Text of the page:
I love coffee shops as much as I love working from co-working spaces. If I don’t have a lot of conference calls (I almost exclusively take calls instead of in-person meetings if I can avoid), I like to sit, work and change scenery to different coffeeshops.
In my opinion, being around a crowd creates more inspiration and, weirdly, more focus.
I stay in my co-working space desks longer hours if I’m working on hands-on engineering or design work with my teammates.
Mehmet has embraced his remote team leadership style. Hear about his most helpful productivity trick and why he has "quiet" days for his staff.
Read full interview from Interview with Mehmet, a nomadic digital maker and entrepreneur .
It totally depends on my workstate at the time (see my conference paper on digital nomad workstates for more info). I've worked in so many different workspaces around the world, but the ones that always stand out in a positive way, are the ones that really understand the needs of their clients.
Generally, for me, this means:
I also tend to gravitate towards workspaces that demonstrate they care about sustainability.
Deborah has traveled the world sharing her research about the pros of remote work. See how she is helping companies and clients understand the importance of location independence.
Read full interview from Interview with Deborah, a remote entrepreneur changing perceptions about remote work.
It’s a dedicated space, and when I step in and close the door behind me, the room is instantly calming.
It’s the only ‘kid-free zone’ in the house, but I also like to call it my zen zone.
I’ve kept it quite minimal by design —using whites, greys, and wood in the colours and materials. A green lava lamp (that I’ve had since I was a teen) provides a pop of colour and compliments the spider plant.
I have things in here that bring me joy —a couple of U2 records, my guitar, my Sonos speaker. A grey circular rug on the floor helps define the ‘workspace’ while a chair sitting just off the rug is where I can retreat to read, meditate, or jam on the guitar.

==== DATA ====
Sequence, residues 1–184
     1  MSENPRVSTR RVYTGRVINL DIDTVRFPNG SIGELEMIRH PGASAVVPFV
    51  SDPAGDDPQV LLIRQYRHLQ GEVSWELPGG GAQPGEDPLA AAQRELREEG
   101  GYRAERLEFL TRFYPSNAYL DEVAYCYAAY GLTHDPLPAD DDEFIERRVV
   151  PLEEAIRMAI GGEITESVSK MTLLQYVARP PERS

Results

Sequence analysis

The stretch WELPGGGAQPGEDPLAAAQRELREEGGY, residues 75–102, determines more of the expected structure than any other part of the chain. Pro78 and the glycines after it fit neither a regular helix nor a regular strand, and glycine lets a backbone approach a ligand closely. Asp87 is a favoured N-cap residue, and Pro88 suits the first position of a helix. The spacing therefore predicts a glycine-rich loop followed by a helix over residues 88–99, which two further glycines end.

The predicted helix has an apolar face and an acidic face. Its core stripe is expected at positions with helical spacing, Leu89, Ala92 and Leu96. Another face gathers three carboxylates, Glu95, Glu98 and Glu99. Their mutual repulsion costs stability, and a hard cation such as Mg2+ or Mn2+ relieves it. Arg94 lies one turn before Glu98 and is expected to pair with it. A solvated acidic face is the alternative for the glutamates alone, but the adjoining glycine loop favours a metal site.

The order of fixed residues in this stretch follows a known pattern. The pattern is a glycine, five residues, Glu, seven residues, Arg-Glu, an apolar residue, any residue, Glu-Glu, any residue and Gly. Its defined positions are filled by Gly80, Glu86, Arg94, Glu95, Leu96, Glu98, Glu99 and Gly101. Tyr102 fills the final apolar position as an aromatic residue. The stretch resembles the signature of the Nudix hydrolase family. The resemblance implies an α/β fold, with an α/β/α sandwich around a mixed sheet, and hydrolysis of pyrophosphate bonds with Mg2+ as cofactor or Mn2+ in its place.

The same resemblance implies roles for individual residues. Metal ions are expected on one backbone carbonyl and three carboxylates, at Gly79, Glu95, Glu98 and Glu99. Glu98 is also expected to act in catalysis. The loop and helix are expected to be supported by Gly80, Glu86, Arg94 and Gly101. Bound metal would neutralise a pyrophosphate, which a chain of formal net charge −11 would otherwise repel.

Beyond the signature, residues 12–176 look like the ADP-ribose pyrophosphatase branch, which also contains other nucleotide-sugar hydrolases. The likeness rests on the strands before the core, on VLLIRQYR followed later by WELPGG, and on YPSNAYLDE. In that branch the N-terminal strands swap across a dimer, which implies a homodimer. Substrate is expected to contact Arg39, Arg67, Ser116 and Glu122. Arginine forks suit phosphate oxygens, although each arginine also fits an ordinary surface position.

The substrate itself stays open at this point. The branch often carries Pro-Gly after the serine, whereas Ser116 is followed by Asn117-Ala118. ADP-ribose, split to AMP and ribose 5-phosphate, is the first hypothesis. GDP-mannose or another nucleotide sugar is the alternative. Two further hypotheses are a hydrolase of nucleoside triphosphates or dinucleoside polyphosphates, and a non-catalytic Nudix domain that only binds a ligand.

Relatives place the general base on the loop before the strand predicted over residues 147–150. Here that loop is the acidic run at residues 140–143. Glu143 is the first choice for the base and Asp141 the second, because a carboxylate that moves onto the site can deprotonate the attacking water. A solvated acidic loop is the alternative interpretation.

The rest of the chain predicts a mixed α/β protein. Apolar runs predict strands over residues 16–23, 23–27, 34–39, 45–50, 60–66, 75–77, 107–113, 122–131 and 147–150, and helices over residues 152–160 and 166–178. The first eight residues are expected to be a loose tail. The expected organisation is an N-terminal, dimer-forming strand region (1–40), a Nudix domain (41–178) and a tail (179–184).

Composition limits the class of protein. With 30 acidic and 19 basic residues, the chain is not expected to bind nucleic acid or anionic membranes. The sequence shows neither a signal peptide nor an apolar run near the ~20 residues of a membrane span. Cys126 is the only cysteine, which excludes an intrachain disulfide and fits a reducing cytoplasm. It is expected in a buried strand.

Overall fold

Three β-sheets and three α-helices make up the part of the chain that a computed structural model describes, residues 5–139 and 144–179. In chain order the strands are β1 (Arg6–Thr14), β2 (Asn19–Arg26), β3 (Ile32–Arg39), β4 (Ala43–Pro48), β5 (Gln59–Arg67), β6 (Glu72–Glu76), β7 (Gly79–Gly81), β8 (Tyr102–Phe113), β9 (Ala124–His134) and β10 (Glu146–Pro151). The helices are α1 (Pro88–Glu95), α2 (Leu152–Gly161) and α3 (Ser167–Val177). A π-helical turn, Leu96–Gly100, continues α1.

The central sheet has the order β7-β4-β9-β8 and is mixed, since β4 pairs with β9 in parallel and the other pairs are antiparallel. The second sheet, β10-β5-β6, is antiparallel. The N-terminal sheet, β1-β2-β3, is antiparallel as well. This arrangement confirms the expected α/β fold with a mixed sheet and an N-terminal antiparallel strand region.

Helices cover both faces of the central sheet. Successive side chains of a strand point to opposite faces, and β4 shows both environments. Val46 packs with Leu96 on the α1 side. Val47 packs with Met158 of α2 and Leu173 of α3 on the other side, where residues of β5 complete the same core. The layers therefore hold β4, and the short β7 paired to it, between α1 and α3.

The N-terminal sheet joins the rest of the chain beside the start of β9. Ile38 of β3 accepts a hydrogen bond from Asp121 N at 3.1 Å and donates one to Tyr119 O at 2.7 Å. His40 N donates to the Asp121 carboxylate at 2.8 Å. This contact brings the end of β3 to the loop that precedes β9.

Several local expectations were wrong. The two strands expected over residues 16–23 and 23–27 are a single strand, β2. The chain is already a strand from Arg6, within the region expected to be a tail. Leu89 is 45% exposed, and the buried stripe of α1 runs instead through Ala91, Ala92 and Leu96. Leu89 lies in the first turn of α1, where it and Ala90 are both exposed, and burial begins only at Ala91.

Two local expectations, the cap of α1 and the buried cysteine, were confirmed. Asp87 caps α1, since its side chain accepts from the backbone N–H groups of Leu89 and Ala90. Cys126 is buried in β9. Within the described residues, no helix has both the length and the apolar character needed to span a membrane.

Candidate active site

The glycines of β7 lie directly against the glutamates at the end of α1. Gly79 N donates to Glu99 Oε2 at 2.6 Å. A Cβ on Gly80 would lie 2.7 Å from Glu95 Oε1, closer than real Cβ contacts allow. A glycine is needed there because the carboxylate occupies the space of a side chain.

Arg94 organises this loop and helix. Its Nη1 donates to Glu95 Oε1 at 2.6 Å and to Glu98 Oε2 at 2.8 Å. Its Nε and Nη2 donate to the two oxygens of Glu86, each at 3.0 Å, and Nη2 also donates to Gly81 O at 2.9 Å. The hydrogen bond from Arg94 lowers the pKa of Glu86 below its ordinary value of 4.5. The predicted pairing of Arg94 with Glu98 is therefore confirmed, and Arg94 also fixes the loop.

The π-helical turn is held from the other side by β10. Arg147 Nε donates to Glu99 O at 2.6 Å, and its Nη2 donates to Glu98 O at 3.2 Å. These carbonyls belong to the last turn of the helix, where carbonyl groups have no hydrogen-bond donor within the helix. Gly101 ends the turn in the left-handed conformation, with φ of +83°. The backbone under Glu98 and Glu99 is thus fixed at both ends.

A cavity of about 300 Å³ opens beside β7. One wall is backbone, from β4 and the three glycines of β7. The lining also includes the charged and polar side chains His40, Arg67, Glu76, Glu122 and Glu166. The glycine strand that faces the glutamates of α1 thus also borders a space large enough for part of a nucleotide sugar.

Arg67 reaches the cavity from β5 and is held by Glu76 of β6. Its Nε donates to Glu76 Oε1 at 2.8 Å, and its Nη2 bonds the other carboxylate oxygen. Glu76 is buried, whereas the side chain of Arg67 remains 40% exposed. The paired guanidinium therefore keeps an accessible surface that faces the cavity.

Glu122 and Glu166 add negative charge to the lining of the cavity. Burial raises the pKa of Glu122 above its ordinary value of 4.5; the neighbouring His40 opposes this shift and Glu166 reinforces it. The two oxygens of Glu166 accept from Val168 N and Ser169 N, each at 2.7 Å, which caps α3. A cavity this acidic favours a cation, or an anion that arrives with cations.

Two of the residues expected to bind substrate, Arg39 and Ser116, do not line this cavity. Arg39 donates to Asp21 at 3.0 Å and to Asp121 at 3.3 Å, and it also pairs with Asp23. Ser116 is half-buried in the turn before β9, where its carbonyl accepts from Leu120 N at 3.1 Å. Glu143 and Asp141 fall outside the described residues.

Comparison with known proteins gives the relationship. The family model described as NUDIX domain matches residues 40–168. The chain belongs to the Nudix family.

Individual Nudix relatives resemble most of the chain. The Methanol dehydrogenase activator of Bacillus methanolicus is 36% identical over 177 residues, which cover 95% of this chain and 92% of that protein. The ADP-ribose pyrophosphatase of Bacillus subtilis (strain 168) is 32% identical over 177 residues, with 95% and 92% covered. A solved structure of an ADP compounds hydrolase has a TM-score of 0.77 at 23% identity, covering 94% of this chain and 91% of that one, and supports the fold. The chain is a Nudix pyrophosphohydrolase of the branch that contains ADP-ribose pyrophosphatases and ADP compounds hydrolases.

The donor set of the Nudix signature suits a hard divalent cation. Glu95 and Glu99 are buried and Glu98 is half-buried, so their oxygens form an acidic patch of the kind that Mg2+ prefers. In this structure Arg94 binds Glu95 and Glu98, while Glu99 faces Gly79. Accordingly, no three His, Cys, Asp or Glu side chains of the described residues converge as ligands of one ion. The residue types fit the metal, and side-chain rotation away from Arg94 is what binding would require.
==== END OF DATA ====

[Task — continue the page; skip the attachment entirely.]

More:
There’s a place for everything, so the room remains clutter-free: a pegboard beside the desk to hang my headphones and cables; the desk has storage while I also picked up a TV stand from Ikea, which is now acting as a space for my books. It’s a fine balance in a relatively small space, but it works and helps keep me focused.
The COVID-19 pandemic drove Paul to embrace remote work. See how he has adapted his routine to this new normal, and the one tool that keeps him organized.
Read full interview from Interview with Paul, a remote product designer who has found his zen .
Limiting distractions. Don’t work remotely from your bed or couch because you’ll want to watch TV or just take a nap. I like to keep my WFH space similar to my desk at work because it puts me in the mindset of needing to work.
For Lauren, remote work was a non-negotiable arrangement—see how she manages a hybrid remote work situation and her tips for those on the remote job search.
Read full interview from Interview with Lauren, a content marketing team lead and hybrid remote worker.
I couldn’t be productive without a second monitor, wired internet connection, and professional headset.
A comfortable chair and a standing desk help to prevent fatigue, and I’m guessing that helps me to be more productive, too.
I believe the key to being productive when working remotely is setting up a dedicated workplace with a proper desk and a chair, even if it’s a little corner in the apartment. Just make sure that you can control any background noise and minimize distractions—that seems to work well for me.
Mike had a lackluster experience with remote work 12 years ago. Today, he has embraced location-independence. Hear about his "one task a day" routine & vital tip for job seekers.
Read full interview from Interview with Mike, a business developer with a one task a day remote work routine.
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